How to Store a Classic Car | Collector Car Storage Tips
From Corvettes and Beetles to Firebirds and Roadsters, classic cars are a symbol of timeless automobiles. Throughout decades of innovation, they have become a car enthusiast’s dream. Whether you own one classic or a handful, we know you work hard to keep your vehicle in mint condition. But how can you do the same when it’s in storage?
Proper maintenance before, during and after stowing away your vehicle is essential. Until you’re ready to drive your car again, prepping the engine, interior and exterior components are part of the process. Volo created collector car storage tips to help you when winter approaches. Our experts also provide advice on how to preserve your classic for short and long-term requirements.
Tips for Storing a Collector Car
Depending on how long you’re storing your car, it will require different methods.
- Short-term — three months or less
- Up to one year
- More than one year — indefinitely
All three stages contain many of the same procedures as the previous. Throughout the guide, you can assume anything done in the preceding step will also hold for the following phases. For example, what you perform for short-term storage also applies to one-year and indefinite applications. The same goes for one-year stowing — it contains applicable tips for long-term plans.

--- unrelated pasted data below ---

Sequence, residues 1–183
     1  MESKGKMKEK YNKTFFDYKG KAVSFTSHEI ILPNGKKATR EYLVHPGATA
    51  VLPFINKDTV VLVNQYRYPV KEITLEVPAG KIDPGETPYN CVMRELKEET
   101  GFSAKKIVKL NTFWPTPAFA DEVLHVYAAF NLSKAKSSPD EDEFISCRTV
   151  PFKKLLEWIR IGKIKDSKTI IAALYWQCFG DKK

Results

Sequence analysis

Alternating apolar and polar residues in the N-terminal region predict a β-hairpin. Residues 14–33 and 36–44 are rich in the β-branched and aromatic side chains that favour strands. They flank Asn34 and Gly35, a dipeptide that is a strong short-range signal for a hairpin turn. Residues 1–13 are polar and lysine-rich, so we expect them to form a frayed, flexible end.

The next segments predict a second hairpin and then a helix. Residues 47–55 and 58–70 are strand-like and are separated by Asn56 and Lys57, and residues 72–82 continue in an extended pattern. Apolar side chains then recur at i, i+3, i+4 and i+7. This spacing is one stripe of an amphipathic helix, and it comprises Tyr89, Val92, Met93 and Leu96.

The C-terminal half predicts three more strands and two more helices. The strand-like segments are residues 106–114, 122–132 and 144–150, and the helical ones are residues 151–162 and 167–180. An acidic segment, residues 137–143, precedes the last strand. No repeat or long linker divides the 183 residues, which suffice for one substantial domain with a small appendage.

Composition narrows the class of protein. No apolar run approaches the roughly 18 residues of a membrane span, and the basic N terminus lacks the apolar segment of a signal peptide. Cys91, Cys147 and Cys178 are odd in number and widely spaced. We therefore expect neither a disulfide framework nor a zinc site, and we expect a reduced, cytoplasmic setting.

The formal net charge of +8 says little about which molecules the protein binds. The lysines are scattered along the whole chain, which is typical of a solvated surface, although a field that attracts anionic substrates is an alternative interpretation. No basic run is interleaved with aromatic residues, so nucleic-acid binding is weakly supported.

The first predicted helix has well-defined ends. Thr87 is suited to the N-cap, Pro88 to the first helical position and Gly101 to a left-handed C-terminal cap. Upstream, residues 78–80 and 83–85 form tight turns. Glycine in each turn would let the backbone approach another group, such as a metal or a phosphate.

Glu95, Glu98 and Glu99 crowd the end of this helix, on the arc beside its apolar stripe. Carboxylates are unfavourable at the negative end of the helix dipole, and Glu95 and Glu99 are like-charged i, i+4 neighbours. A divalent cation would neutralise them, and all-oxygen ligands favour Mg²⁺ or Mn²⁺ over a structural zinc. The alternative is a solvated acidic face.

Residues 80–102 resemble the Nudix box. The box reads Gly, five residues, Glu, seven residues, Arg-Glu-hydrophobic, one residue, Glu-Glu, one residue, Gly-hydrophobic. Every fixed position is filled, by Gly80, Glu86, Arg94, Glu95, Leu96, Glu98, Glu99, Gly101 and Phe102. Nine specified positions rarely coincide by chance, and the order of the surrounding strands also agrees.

We will discuss your different options throughout the piece to help you determine what is right for your specific situation.
What Type of Building to Store the Car In
Universal storage techniques exist, no matter how long you’re putting away your car. Without the proper indoor storage facility, your car can undergo severe damage and leave you with expensive repairs and replacements. Several characteristics of an ideal storage space include:
Your best bet is to keep your classic car — or any vehicle — away from the elements like rain, snow, heat and ice. Even when the seasons are against your favor, you will want your car to remain in pristine condition.
The sun’s UV rays can destroy rubber and vinyl while also fading your classic car’s paint. Rain and snow can also cause rust and unwanted water spots. Although different weather patterns can break down your vehicle’s finish, the right storage facility can help you avoid the worst.